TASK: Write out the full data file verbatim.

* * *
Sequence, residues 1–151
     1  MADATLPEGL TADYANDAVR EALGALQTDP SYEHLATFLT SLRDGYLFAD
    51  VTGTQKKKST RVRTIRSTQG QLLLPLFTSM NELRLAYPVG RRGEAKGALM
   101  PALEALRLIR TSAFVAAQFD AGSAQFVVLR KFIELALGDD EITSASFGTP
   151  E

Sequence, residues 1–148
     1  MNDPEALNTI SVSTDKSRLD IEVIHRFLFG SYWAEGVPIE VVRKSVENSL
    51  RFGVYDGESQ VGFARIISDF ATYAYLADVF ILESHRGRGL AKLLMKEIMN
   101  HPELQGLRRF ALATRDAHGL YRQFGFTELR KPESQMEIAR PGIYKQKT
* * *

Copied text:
Sequence, residues 1–151
     1  MADATLPEGL TADYANDAVR EALGALQTDP SYEHLATFLT SLRDGYLFAD
    51  VTGTQKKKST RVRTIRSTQG QLLLPLFTSM NELRLAYPVG RRGEAKGALM
   101  PALEALRLIR TSAFVAAQFD AGSAQFVVLR KFIELALGDD EITSASFGTP
   151  E

Sequence, residues 1–148
     1  MNDPEALNTI SVSTDKSRLD IEVIHRFLFG SYWAEGVPIE VVRKSVENSL
    51  RFGVYDGESQ VGFARIISDF ATYAYLADVF ILESHRGRGL AKLLMKEIMN
   101  HPELQGLRRF ALATRDAHGL YRQFGFTELR KPESQMEIAR PGIYKQKT